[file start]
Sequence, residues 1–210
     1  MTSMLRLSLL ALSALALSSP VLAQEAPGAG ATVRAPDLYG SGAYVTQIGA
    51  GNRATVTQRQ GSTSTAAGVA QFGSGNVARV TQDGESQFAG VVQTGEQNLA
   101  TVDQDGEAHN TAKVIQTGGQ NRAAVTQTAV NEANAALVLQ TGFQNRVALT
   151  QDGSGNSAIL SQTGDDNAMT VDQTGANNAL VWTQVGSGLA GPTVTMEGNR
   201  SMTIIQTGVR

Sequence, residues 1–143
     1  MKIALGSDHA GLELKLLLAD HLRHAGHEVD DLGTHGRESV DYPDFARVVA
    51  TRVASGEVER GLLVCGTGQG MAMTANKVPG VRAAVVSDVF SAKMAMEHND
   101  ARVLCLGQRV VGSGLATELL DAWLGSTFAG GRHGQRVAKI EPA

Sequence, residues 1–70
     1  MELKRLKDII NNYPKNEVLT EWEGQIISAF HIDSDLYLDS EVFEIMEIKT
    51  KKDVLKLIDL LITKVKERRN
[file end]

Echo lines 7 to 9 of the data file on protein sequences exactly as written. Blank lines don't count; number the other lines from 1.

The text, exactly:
Sequence, residues 1–143
     1  MKIALGSDHA GLELKLLLAD HLRHAGHEVD DLGTHGRESV DYPDFARVVA
    51  TRVASGEVER GLLVCGTGQG MAMTANKVPG VRAAVVSDVF SAKMAMEHND